After a 3 hour tour around the facilities and numerous taste testing and margaritas (complements of the tour), I headed to the National Tequila Museum where, through its collections, I gained an even deeper understanding regarding the cultural values of the tequila region, which I learned was recently declared a World Heritage Site by UNESCO.

 

Reflecting on our day trip, I learned more about Tequila then I ever thought imaginable, both the drink and the town. Both are unique and representative of the country in which they reside. Having only spent a day in Tequila, there’s still more to discover. The town has many other “tourist friendly” facilities and tours, including the infamous Tequila Express train ride and the giant tequila bottle-bus city tour – which are on my list next time!

 

Aguas Termales Hotels — Chignahuapan and Comanjilla

 Aguas termales hotels in Mexico are few and far between but I was able to enjoy the warm spring waters at hotels in Puebla and Guanajuato. If you are looking for a hotel in Leon or a hotel in Silao, Hotel Mision Comanjilla is a great option. 

Pools filled with mineral rich hot spring water

Chignahuapan and Comanjilla, aren’t those fun to say? I recently had the chance to visit both of these cities and was in for a surprise as I experienced for the first time aguas termales (thermal waters). Thermal waters a.k.a. hot springs are produced by the spouting of geothermally heated groundwater from the Earth’s crust and because they are saturated with an abundance of minerals, it is believed that they have therapeutic and rehab powers. According to Wikipedia, Mexico only has a handful of these aguas termales and the ones I visited had awesome hotels and swimming facilities incorporated into them! So let me break down for you the two properties and why I think they deserve a visit! [Read more…]

Weekend in Valle de Bravo

 Wondering what are the highlights, hidden local spots, and what to do in Valle de Bravo? I followed my guide and it led me to beautiful scenery, great panoramic views, and delicious local restaurants! 

This year, the magazine México Desconocido, published their 54 Pueblos Magicos 2012 Edition – the bible that highlights the “magical” experiences these towns have to offer. With inspiration in my hand and only 11 marked off the list, my next venture became Valle de Bravo.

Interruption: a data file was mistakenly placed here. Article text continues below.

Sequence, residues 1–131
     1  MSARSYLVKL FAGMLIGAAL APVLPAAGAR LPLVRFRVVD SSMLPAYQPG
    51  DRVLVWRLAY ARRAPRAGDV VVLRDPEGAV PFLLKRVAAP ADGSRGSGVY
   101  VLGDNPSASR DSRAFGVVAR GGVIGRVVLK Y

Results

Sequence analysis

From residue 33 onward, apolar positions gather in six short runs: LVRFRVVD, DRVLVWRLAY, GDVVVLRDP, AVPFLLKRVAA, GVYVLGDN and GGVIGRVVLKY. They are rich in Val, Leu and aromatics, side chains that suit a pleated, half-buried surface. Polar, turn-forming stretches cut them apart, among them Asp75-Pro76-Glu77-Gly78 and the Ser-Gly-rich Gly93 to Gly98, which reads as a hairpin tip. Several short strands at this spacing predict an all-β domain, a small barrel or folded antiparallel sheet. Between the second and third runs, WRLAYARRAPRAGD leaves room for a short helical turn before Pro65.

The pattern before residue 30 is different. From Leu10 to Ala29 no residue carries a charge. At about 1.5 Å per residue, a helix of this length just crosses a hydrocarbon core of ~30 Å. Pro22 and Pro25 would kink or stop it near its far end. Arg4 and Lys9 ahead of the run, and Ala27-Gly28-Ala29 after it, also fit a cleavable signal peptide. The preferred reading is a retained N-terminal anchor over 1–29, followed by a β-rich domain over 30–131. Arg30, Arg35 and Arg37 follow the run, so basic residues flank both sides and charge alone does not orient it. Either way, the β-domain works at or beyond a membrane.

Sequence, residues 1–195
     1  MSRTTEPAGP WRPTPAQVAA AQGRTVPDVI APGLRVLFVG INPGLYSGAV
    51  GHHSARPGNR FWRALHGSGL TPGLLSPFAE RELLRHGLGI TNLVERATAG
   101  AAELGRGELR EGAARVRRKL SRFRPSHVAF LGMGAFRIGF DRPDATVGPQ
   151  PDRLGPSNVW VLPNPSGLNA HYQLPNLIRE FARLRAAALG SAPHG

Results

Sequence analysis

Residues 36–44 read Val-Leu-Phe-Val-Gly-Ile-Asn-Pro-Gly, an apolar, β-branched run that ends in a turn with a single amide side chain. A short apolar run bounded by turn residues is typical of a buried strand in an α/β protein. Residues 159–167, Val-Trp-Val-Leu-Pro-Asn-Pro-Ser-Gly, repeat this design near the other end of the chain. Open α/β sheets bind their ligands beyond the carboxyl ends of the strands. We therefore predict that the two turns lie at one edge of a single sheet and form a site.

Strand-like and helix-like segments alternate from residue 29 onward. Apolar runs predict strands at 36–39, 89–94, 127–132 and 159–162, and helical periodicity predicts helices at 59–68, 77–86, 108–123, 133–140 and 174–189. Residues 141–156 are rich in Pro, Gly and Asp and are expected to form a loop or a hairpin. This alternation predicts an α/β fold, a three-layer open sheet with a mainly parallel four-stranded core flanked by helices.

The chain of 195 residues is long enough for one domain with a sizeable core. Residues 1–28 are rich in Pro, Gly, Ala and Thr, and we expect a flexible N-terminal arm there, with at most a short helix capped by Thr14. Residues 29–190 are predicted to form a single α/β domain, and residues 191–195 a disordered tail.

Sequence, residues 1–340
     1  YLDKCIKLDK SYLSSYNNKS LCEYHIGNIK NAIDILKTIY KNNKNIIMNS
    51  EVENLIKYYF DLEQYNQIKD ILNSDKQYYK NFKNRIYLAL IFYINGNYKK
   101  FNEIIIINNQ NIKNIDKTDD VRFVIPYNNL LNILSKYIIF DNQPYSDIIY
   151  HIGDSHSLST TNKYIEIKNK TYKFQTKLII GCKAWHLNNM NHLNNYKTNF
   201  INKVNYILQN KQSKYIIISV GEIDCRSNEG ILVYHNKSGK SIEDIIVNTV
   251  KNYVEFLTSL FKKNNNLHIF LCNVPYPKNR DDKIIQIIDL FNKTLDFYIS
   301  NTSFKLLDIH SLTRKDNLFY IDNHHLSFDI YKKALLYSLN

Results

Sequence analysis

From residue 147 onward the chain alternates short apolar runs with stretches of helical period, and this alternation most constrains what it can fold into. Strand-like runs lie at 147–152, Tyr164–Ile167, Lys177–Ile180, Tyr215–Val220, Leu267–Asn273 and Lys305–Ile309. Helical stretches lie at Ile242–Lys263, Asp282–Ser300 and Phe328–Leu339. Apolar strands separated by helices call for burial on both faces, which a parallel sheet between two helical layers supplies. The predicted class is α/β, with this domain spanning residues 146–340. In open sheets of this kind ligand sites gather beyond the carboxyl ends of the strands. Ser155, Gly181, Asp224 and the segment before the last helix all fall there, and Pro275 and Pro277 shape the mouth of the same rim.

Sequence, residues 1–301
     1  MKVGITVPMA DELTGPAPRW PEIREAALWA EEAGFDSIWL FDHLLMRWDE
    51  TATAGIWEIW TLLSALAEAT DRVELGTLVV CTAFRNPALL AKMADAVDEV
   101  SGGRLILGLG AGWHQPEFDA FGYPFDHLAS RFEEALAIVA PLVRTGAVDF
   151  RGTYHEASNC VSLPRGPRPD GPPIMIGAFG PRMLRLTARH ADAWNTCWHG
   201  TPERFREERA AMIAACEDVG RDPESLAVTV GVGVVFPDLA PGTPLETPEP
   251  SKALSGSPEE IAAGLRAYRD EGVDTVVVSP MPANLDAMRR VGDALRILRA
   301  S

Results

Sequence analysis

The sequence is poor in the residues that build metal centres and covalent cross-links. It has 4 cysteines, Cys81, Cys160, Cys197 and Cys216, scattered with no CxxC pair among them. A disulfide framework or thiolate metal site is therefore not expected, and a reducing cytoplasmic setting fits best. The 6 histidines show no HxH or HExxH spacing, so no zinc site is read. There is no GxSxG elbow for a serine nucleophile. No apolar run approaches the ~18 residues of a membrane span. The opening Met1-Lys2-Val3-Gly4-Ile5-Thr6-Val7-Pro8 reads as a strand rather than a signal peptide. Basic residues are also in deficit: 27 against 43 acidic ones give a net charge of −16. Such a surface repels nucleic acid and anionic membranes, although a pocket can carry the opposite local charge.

Located in the State of Mexico, Valle de Bravo is about 100 miles from Mexico City. Deciding not to take the scenic route, Eddy and I sped through the highway tolls and made it to Valle de Bravo in just over an hour. As we arrived through the ‘Welcome’ arches, a full rainbow and peeking sun greeted us soon after an abrupt rainfall. Feeling like we just entered a live fairy-tale, the ‘magic’ of this place was definitely showing it’s colors! [Read more…]

Planning A Trip To Mexico’s Pueblos Mágicos (Magic Towns)

Searching for accommodations in Mexico’s most smallest and interesting towns is quite hard to do using the internet. After plenty of experience –and last minute panic — I’ve developed a system to find not only plenty of hotel options via the net, but also an abundance of information to ensure your trip is a ‘magical’ experience.

Finding hotels in towns like this isn’t impossible

It is no secret that I love visiting the small, traditional towns throughout Mexico. When Mexico Desconocido came out with the 2012 edition of the Pueblos Magicos book,  I grabbed myself three copies! It included the complete guide to Mexico’s 54 Magic Towns… they hadn’t published one since 2007 when there were only 35! Those guides are my bible to discovering Mexico. It highlights on-and-off the path things to do, see, eat and experience. While the guides are spot on and have made each of my trips fantastical, there is one thing that it lacks – complete hotel information.